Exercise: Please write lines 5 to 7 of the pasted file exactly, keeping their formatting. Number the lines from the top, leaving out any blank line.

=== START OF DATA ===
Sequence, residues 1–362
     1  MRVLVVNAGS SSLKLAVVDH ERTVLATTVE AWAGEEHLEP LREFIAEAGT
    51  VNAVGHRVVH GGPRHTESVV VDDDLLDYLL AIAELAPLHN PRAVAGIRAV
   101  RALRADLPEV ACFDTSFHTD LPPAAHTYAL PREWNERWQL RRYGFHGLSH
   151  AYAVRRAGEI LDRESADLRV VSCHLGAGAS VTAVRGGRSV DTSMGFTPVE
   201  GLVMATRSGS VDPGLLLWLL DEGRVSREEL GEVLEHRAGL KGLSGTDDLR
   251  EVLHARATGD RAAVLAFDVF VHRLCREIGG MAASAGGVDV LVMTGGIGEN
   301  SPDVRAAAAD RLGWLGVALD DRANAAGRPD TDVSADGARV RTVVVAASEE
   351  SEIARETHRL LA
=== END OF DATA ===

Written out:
   151  AYAVRRAGEI LDRESADLRV VSCHLGAGAS VTAVRGGRSV DTSMGFTPVE
   201  GLVMATRSGS VDPGLLLWLL DEGRVSREEL GEVLEHRAGL KGLSGTDDLR
   251  EVLHARATGD RAAVLAFDVF VHRLCREIGG MAASAGGVDV LVMTGGIGEN